Despite significant improvements since 2001, Afghanistan remains one of the poorest countries in the world, with nearly 40 per cent of the population living below the poverty line.
Government institutions are weak and unable to deliver basic services. Participation of women in decision making and in other spheres of society remains limited. Violence against women is still a major challenge in Afghanistan. Women continue to be brutally punished by different forms of violence. Access to health facilities is poor.
As a result, one out of every five Afghan children does not live to see their fifth birthday, and one out of eight women dies in childbirth. Access to quality education and a lack of female teachers are other major challenges in Afghanistan that cause a high number of girls to drop out of schools.
Our vision is a peaceful, prosperous Afghanistan, where everyone knows and enjoys their rights.
Oxfam's work in Afghanistan
Oxfam has been working in Afghanistan since 1961, and has been directly providing humanitarian and development assistance in the country since 1991, including during the Taliban rule. We currently work in Kabul, and with local partners in seven provinces: Balkh, Daikundi, Herat, Kandahar, Kunduz, Nangarhar and Takhar. We provide assistance to families and communities affected by natural hazards and man-made disasters. We work with poor communities to help them pull themselves out of poverty and improve their lives. We promote the rights of women and youth to become agents of change and fight for their rights. We work with government institutions to build capacity and influence policies that will help address structural poverty and inequality. We speak out on behalf of marginalized groups at the highest levels in both Afghanistan and among the international community.
Working in and on conflict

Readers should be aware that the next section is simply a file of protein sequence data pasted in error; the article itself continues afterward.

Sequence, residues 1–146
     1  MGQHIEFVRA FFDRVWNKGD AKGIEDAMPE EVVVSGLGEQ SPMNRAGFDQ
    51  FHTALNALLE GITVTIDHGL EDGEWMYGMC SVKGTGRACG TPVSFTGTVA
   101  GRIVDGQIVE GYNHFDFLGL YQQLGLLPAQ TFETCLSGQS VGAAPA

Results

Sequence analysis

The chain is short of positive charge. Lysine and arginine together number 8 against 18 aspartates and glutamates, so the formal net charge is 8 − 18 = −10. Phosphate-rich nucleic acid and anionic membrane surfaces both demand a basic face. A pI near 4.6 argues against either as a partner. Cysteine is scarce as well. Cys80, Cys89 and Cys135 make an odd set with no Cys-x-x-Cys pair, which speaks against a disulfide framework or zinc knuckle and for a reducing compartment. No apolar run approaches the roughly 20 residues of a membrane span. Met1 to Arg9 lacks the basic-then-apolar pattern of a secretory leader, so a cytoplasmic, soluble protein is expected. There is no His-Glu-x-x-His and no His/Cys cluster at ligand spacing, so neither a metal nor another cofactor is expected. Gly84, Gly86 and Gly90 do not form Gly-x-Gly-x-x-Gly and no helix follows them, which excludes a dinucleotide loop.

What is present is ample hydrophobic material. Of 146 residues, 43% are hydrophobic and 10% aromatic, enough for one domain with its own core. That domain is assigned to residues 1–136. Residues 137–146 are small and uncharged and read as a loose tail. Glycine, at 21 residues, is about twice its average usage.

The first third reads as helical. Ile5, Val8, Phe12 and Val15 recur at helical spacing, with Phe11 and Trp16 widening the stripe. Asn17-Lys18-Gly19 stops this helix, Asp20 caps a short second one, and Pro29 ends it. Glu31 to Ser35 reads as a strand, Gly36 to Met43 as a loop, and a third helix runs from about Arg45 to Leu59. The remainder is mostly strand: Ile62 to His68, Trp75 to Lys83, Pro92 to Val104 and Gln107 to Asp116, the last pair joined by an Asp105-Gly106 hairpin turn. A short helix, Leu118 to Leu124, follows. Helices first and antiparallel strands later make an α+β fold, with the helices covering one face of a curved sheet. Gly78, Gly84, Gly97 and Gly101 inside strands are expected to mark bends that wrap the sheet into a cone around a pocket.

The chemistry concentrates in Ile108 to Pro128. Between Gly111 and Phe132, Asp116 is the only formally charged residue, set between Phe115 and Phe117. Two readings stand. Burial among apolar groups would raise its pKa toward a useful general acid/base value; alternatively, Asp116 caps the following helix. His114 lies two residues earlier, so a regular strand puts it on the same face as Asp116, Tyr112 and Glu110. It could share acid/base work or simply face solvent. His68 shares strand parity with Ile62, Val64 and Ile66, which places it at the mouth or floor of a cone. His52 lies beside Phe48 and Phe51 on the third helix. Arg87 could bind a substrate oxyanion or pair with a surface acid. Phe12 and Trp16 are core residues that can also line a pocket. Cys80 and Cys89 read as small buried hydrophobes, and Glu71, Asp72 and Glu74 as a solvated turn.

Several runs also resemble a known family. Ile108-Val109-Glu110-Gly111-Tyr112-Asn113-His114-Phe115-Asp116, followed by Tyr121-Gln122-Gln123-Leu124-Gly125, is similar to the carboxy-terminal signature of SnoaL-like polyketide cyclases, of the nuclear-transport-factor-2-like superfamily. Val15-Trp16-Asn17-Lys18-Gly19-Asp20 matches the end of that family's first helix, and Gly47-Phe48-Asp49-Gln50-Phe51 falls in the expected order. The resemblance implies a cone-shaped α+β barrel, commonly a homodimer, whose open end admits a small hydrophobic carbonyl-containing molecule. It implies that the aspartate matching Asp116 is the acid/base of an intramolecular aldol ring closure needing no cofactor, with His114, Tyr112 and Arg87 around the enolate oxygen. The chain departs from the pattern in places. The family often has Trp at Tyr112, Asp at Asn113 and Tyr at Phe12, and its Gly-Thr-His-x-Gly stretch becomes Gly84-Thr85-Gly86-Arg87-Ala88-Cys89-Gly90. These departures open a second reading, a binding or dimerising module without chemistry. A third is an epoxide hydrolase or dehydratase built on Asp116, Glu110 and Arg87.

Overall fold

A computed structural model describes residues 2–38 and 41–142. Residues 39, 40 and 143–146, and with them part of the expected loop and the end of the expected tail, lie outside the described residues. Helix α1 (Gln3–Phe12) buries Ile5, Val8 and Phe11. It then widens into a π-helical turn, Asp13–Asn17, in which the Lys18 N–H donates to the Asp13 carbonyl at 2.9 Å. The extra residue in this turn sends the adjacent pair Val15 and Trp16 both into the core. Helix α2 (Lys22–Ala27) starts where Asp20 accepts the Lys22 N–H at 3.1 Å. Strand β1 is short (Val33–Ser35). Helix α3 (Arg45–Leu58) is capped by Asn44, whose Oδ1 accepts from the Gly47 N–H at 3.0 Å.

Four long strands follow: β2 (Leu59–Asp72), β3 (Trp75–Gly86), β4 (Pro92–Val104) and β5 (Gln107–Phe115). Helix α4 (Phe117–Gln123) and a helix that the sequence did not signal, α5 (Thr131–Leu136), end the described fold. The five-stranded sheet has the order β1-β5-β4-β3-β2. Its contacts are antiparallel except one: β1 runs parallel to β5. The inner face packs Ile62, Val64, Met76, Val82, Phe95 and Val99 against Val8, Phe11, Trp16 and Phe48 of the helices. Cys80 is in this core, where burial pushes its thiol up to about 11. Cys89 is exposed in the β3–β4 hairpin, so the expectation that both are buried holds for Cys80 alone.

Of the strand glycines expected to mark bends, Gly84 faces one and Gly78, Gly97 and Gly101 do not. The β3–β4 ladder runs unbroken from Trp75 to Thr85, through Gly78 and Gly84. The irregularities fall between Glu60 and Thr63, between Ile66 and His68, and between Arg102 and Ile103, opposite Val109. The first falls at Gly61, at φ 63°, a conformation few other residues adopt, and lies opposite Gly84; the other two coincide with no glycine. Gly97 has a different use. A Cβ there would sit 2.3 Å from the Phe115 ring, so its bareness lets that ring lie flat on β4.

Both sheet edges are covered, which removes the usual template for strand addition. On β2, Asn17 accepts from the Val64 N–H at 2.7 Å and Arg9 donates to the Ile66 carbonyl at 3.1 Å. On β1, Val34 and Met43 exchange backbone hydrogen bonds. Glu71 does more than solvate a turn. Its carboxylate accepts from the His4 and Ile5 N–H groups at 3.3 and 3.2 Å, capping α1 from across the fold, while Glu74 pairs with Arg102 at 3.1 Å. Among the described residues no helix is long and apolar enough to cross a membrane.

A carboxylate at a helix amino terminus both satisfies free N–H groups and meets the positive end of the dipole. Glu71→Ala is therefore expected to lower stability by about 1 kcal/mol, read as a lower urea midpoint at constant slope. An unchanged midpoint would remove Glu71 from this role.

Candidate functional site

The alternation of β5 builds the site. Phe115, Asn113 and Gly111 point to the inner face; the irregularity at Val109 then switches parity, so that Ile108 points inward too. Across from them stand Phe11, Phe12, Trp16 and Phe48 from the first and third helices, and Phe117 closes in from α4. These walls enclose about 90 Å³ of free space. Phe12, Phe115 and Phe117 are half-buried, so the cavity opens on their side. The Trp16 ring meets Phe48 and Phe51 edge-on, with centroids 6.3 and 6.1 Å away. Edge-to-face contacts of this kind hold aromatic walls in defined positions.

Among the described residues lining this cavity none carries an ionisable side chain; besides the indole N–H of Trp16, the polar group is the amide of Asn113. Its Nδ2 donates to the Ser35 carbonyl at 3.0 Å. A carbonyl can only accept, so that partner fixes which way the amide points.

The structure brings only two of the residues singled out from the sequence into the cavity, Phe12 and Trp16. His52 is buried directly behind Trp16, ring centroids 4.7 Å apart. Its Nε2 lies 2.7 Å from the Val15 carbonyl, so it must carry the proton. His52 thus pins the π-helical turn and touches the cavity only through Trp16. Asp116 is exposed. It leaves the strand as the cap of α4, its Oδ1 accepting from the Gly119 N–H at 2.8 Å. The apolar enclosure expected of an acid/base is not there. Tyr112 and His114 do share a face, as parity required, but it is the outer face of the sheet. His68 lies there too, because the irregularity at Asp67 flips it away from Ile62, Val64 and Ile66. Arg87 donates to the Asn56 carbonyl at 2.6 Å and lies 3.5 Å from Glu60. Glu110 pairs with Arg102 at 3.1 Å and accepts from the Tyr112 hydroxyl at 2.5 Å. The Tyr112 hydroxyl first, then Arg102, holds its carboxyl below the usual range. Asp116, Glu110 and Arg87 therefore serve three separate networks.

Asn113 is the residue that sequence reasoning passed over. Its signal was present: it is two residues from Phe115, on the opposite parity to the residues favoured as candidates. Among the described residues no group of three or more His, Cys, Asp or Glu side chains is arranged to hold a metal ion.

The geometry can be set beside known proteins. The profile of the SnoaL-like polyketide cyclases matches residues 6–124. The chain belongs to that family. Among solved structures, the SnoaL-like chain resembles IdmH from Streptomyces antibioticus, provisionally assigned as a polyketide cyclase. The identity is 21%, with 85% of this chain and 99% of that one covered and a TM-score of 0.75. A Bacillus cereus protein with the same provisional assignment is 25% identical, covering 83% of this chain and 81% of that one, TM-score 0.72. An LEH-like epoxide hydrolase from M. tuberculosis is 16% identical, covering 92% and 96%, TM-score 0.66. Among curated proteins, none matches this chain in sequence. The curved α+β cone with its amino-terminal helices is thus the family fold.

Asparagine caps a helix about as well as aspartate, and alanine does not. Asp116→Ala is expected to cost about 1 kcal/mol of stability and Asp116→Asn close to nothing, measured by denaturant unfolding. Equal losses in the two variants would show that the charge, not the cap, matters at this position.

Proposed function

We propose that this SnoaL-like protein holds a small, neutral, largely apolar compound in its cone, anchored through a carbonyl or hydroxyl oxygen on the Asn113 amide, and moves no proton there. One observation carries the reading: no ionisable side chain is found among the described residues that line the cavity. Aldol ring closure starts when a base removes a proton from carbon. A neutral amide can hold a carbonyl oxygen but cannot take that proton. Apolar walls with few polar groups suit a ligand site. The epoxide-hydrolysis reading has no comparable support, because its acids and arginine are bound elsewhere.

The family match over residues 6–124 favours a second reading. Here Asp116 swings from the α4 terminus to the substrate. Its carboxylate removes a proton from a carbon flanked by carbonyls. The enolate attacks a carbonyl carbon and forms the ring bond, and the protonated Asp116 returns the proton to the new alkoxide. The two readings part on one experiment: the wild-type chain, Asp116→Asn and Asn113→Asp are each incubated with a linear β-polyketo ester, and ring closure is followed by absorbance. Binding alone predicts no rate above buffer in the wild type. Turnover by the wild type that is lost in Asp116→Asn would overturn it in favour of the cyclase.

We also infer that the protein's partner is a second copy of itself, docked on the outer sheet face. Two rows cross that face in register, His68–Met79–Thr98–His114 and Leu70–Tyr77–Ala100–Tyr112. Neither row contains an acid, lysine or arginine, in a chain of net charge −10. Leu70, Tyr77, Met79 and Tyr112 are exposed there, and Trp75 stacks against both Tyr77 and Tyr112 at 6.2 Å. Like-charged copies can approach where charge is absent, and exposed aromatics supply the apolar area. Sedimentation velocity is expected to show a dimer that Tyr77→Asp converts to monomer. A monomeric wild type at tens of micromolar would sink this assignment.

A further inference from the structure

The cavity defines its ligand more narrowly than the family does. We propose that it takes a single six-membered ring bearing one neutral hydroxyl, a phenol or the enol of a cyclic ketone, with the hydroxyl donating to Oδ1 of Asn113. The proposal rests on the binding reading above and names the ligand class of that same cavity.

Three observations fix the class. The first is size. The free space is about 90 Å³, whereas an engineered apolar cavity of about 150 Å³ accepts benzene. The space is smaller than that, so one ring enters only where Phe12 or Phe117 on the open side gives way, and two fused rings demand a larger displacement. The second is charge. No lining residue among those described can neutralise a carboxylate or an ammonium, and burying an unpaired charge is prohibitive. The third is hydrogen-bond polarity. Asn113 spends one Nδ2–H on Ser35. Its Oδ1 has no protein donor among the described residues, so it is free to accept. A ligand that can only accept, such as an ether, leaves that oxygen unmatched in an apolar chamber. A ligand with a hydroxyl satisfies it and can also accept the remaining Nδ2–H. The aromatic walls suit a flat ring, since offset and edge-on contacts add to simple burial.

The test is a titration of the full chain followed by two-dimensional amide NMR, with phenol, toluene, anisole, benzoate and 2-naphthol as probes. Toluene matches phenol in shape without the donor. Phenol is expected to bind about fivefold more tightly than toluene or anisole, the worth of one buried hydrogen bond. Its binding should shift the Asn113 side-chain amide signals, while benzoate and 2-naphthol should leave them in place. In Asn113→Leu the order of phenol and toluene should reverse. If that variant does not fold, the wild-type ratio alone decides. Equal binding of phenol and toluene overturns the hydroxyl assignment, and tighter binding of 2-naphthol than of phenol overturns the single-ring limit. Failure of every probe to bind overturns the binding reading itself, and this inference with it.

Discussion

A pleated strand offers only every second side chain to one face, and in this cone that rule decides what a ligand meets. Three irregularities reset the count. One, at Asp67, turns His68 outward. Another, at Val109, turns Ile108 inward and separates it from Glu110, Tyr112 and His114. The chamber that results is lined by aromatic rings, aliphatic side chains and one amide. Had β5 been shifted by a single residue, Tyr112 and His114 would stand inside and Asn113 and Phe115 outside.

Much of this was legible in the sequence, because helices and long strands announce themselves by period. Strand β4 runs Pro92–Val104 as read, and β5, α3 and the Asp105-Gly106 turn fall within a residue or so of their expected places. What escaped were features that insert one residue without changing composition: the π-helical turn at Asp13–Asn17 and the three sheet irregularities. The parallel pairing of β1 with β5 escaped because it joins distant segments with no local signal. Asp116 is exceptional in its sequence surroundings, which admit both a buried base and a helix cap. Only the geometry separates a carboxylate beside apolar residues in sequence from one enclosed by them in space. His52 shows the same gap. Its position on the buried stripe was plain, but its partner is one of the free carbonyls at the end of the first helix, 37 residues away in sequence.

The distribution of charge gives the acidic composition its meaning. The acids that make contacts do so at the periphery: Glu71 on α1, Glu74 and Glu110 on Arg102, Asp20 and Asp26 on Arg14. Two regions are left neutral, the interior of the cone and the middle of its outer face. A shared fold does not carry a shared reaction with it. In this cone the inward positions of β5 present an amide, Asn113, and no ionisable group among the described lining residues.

Afghanistan remains a country in conflict. Conflict manifests itself every day in various forms and at different levels. Therefore, conflict sensitivity and transformation lie at the heart of every work that we do. For us, conflict sensitivity means fully understanding the context in which we operate. We constantly assess how our work affects conflict dynamics, aiming to avoid negative impact, and maximize positive effects. Our central focus is on conflict transformation as we aspire to produce positive and peaceful outcomes. Through our programs, and the relationships that we build with and between Afghan people and power holders, we constantly seek to address some of the key driving factors of conflict.
We especially work with marginalized groups in Afghanistan, such as smallholder farmers and women-headed households. We aim to improve their lives by building sustainable livelihoods, increasing their access to markets, and making them more resilient to the effects of climate change. We promote fair and equal access to natural resources, as a way to address some of the root causes of conflict.
In Afghanistan, we promote the rights of youth and women to enable them to have a voice, participate in decision making processes, and constructively work with the government to improve and promote policies that foster inclusive security, peace building and justice.
We promote and strengthen the constructive engagement of civil society with the district, provincial and national levels of the Afghan government. We work to improve and support the delivery of essential services in line with the Afghan people’s needs. Our actions are guided by our overarching goal to address some of the key drivers of conflict.
Afghanistan is highly vulnerable to natural and man-made disasters including drought, floods, and conflict. 2016 and 2017 saw an influx of more than 2 million Afghan returnees from Pakistan and Iran. This further exacerbates the challenges. We work with Afghan communities and Afghan returnees to rebuild their lives and become more resilient to shocks and uncertainties brought on by hazards, conflict and climate change. We provide aid through programs focused on Water, Sanitation, and Hygiene (WASH), Disaster Risk Reduction (DRR), protection, food security, cash assistance and broader livelihood support.